Summary, etc.:
What was it like to be British or American, Tory or Whig, regular soldier or militia, partisan, outlaw, or would-be bystander as the two sides (and those who drifted from side to side) went at each other with a fury across the Carolina countryside? Through the eyewitness accounts of those who fought the battles and skirmishes Voices of the American Revolution in the Carolinas provides the reader with firsthand looks at how it felt. The entries in this volume are taken from first-person narratives by those on the scene, from officers such as Henry Lee and Banastre Tarleton to teenaged scouts such as Thomas Young and James Collins. Some narratives, like Daniel Morgan's report of the Battle of Cowpens, were written immediately or soon after the action; others, like Young's, were written when the boy soldiers had become old men.
Subject: United States. Continental Army > Biography.
Great Britain. Army > Biography.
North Carolina > History > Revolution, 1775-1783 > Personal narratives.
South Carolina > History > Revolution, 1775-1783 > Personal narratives.
United States > History > Revolution, 1775-1783 > Personal narratives.

Syndetic Solutions - Summary for ISBN Number 9780895873583
Voices from the American Revolution in the Carolinas
Voices from the American Revolution in the Carolinas
by Southern, Ed (Editor)
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Summary

Voices from the American Revolution in the Carolinas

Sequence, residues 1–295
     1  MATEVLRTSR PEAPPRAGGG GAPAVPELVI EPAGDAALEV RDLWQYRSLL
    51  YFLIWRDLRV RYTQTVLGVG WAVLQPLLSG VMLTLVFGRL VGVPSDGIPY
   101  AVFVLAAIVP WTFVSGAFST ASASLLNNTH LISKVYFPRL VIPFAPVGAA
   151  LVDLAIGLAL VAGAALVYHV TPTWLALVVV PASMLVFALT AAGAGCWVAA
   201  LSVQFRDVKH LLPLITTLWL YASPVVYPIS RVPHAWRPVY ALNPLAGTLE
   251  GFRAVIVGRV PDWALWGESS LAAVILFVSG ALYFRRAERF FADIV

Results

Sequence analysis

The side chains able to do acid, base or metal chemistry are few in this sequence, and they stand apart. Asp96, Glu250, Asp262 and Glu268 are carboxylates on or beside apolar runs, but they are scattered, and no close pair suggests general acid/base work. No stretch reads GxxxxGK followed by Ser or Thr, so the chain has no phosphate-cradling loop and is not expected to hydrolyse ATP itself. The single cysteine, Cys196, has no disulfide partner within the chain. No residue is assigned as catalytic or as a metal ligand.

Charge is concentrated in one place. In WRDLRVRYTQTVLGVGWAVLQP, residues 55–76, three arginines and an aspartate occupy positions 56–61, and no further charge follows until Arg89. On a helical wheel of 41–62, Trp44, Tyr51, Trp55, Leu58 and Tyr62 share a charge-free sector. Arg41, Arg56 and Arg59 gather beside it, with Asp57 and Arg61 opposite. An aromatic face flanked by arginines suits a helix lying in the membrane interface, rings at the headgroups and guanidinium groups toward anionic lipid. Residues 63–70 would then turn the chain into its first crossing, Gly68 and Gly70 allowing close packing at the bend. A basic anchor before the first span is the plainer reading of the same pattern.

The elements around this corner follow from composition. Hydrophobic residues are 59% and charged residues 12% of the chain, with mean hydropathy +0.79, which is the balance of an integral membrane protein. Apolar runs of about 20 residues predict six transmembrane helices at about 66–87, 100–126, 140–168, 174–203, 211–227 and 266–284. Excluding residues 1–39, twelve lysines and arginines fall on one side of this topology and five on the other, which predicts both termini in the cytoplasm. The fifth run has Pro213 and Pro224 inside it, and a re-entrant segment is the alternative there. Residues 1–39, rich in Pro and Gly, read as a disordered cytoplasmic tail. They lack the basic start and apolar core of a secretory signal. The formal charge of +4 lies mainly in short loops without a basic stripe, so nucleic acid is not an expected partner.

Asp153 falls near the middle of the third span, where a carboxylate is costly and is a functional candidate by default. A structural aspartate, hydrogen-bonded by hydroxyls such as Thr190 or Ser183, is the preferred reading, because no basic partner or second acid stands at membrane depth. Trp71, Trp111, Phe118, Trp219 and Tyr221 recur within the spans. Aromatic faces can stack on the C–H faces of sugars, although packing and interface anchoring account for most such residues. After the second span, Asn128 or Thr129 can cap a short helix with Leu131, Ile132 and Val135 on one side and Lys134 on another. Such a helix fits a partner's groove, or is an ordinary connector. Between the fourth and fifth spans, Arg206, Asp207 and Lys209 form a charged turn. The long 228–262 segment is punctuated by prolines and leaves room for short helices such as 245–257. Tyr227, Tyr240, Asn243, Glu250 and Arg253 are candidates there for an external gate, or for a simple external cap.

On February 11, 1780, a British army led by General Sir Henry Clinton came ashore on Johns Island, South Carolina. By the end of March, the British had laid siege to Charleston, the most important city south of Philadelphia. By the middle of May, they had taken the city and the American army defending it. On March 15, 1781, that same British army left the field at Guilford Courthouse exhausted, decimated, stripped of supplies and rations, and victorious in name only. Its march away from Guilford Courthouse would end only a few months later at Yorktown, Virginia, where it would surrender. How did this happen? Although historians have debated the causes for centuries, they have often ignored how it felt to live, fight, and survive. What was it like to be British or American, Tory or Whig, regular soldier or militia, partisan, outlaw, or would-be bystander as the two sides (and those who drifted from side to side) went at each other with a fury across the Carolina countryside? Through the eyewitness accounts of those who fought the battles and skirmishesVoices of the American Revolution in the Carolinas provides the reader with firsthand looks at how it felt. The entries in this volume are taken from first-person narratives by those on the scene, from officers such as Henry Lee and Banastre Tarleton to teenaged scouts such as Thomas Young and James Collins. Some narratives, like Daniel Morgan's report of the Battle of Cowpens, were written immediately or soon after the action; others, like Young's, were written when the boy soldiers had become old men. Some were written (and sometimes embellished) specifically for publication, while others were written as private correspondence or official reports. Some express a great deal of emotion and describe the authors' immediate experiences of war, while others concentrate on logistics, strategy, tactics, and the practical realities of an army batt≤ some, like Lee's, manage to do both. The American Revolution in the Carolinas was nasty, brutish, and relatively short, though it must not have felt short to those who lived through it. It moved with a furious swiftness, the center of action shifting from Charleston to Camden, from Charlotte to King's Mountain, and from Cowpens to Guilford Courthouse in a matter of months, weeks, or sometimes days. Accounts that describe what it was actually like at all of these hot spots as well as the events that lead up to the actual fightingare included in this book. Voices of the American Revolution in the Carolinas gives the reader some idea of what it was like to be part of a war when two states were ripped apart but a nation was made. Ed Southern was a Wake Forest senior studying in London when he walked into the 200-year-old bookshop Hatchard's and realized how excited the possibilities presented by shelves full of books made him. After graduation, he worked at Reynolda House Museum of American Art. Hanging around after he finished setting up for lectures, concerts, performances, and classes gave him an excellent postgraduate education in the liberal arts, which came in handy later when he dropped out of graduate school. He went to work for one of the major bookselling chains and was a member of the training team sent to open the company's first store in London, a massive four-story media emporium on Oxford Street. It was a bit like coming full circle, but not quite. A year later, he left the bookstore and went to work for John F. Blair, Publisher, as the sales director. He presently serves as the executive director of the North Carolina Writers Network.